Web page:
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Rankin v. McPherson

"i Hope They Get Him"

Ardith McPherson was a probationary employee in the office of the constable of Harris County, Texas. Her job was to enter information into a computer. She worked in a room without a phone, and she had no contact with the public. Her job title was "deputy constable," but this signified little, as that was the job title of every employee in the constable's office.

On 30 March 1981, McPherson heard on the radio at work that someone had attempted to assassinate President Reagan. She speculated to her boyfriend, another deputy constable, that the would-be assassin was probably an African American, as Reagan's policies were particularly punitive to African Americans. She then commented, "If they go for him again, I hope they get him."

Another employee overheard this comment, and reported it to Constable Walter Rankin. The constable called McPherson into his office, and asked her if she had made the comment. She admitted doing so; Rankin fired her on the spot.

McPherson sued Rankin in district court for violating her First and Fourteenth Amendment rights of free speech. The district court used a three-question test developed in Mt. Healthy City School District Board of Education v. Doyle (1977): 1) Is the speech protected? 2) Did it play a substantial part in the decision to fire the employee? 3) If so, was it the deciding factor? In this case, only (1) was in question. The court answered "no," deciding that, on balance, Rankin's interest was more compelling.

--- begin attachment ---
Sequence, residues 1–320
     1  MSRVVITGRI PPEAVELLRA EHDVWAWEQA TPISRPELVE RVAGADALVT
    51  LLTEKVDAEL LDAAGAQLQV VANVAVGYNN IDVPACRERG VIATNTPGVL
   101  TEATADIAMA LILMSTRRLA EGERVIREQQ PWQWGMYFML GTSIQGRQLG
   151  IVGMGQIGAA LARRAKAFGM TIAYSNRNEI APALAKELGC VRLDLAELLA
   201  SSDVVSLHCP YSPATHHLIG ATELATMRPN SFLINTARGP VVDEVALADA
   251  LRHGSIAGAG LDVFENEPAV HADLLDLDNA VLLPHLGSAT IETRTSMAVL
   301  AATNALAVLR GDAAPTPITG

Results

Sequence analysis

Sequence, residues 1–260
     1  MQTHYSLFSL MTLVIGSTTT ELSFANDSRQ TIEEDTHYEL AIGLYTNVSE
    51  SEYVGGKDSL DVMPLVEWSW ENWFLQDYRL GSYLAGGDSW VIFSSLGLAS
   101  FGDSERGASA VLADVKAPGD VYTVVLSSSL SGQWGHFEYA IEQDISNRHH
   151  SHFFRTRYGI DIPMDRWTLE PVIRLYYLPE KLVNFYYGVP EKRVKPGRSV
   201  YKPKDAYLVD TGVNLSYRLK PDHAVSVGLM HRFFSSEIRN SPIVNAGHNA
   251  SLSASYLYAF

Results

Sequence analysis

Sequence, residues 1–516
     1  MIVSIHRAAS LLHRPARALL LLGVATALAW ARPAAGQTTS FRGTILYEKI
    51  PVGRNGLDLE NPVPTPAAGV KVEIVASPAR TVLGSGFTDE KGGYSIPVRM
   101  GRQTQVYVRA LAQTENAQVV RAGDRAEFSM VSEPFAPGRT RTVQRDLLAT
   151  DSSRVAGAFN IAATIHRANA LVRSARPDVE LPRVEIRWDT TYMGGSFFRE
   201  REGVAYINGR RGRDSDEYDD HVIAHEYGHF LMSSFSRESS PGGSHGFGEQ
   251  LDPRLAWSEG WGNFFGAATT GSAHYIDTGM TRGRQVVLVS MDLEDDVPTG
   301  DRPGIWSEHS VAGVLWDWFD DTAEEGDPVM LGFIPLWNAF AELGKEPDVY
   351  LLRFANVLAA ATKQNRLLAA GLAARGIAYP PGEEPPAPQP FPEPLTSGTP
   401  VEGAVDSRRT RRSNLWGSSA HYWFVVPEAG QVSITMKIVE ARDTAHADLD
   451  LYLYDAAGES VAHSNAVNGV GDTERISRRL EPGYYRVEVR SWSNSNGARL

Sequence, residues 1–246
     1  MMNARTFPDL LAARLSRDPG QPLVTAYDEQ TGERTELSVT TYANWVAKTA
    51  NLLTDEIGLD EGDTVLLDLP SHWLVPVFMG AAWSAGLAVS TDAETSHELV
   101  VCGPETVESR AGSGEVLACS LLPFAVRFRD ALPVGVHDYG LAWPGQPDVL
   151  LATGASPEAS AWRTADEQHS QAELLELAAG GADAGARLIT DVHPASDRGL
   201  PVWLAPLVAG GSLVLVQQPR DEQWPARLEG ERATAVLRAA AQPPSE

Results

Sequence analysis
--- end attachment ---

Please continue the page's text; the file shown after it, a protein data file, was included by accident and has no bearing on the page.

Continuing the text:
McPherson then took her case to the circuit court of appeals. This court found "substantial issues of material fact." It therefore set aside the district court's judgment and sent the case back to be tried again.

The district court ruled for Rankin a second time, saying that McPherson's speech was not protected. McPherson appealed again to the circuit court. This time, the circuit court reversed the district court's judgment and sent the case back to district court for determination of an appropriate remedy. At this point, Rankin petitioned the Supreme Court for a writ of certiorari, which was granted.

Additional topics

Law Library - American Law and Legal InformationNotable Trials and Court Cases - 1981 to 1988Rankin v. McPherson - "i Hope They Get Him", Pickering And Connick, Comment A Matter Of Public Concern, "simply Violent"